Agriculture: Citrus Pest Management Guidelines

Katydids

  • Angularwinged katydid: Microcentrum retinerve
  • Forktailed bush katydid: Scudderia furcata
  • Description of the Pest

    Katydids resemble grasshoppers but have long antennae. Nymphs are wingless and have black and white-banded antennae. Females of the forktailed katydid chew the edge of the leaf and insert gray, oval, flat eggs inside the edge of the leaf. Nymphs appear in April and May and take 2 to 3 months to mature through 6 to 8 instars. Angularwinged katydids also appear in citrus orchards, but are larger than forktailed katydids, have broader wings, and have a humpback appearance both as nymphs and as adults. Angularwinged females lay their gray, oval eggs in two overlapping rows on twigs and leaves. Both species of katydids have only one generation a year.

    Damage

    Of the two species feeding on citrus, only the forktailed katydid causes economic damage. Nymphs of this species feed on leaves during bloom and young fruit at petal fall. Forktailed katydids take a single bite from a fruit and then move to another feeding site on the same or nearby fruit. In this way, a few katydids can damage a large quantity of young fruit in a short time. Fruit damage causes a subsequent buildup of scar tissue, often in a round or oval shape, and distortion of expanding fruit. This fruit damage sometimes resembles damage caused by citrus cutworm or earwigs.

    The angularwinged katydid is less abundant than the forktailed katydid and feeds only on leaves.

    Special Considerations for Mandarins and Clementines

    Forktailed katydids have the potential to create varying levels of damage in different citrus species. Katydidsare not considered economic pests in ‘Tango' and ‘W. Murcott Afourer' (Citrus reticulata) mandarins. Katydid nymphs may be present in the groves of these cultivars, but do not feed on the fruit. They may taste the fruit, causing small, superficial scratches, but these do not develop into perceptible scars at harvest. More substantial feeding on the fruitlets of these cultivars is exceedingly rare, and any damaged fruit tend to quickly abscise. This natural resistance to katydid feeding has not been formally evaluated in all cultivars but may include other Citrus reticulata relatives.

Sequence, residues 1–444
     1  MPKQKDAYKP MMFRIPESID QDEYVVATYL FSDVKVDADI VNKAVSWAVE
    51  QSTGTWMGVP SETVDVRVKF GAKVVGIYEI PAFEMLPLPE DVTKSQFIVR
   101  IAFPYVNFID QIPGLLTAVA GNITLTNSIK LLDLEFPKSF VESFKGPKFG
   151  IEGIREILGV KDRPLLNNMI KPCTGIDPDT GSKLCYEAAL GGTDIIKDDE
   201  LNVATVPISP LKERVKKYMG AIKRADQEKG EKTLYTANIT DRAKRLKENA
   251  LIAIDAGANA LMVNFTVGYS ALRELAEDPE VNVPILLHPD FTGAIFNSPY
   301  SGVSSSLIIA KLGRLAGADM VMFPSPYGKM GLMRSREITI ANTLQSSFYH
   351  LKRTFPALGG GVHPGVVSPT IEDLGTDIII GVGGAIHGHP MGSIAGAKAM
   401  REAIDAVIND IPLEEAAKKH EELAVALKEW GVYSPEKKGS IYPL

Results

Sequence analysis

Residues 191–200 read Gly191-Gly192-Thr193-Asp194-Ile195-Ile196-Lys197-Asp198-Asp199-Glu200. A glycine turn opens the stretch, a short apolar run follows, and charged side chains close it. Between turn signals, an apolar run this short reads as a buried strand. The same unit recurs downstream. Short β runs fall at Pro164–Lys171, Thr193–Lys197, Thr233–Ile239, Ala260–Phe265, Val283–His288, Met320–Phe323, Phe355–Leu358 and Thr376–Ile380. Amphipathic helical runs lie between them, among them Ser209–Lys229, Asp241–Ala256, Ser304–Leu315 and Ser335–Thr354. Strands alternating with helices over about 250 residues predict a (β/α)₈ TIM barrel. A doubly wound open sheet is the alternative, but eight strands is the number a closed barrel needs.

Forktailed katydids can be highly damaging to clementine mandarins, including the cultivars ‘Clemenules' (‘Nules'), ‘Fina', ‘Fina Sodea', and ‘Corsica #1'. Forktailed katydids chew deep holes into young clementine fruit, causing irregular, webbed scars that appear similar to the scars caused by orangeworms in navel oranges. Developing clementine fruit with katydid scars will often split along the scar late in the season. Satsumas, tangelos, and tangors have not been surveyed for this type of damage.

    Management

    With the reduced use of organophosphate and carbamate insecticides, katydids have become more numerous. Larger instars are not well controlled by cryolite or spinosad.

    Biological Control

    A number of parasitic wasps will attack katydid eggs; however, they are generally not effective enough to prevent damaging levels from developing.

    Organically Acceptable Methods

    Use biological control and the Entrust formulation of spinosad in an organically certified citrus crop.

    Monitoring and Treatment Decisions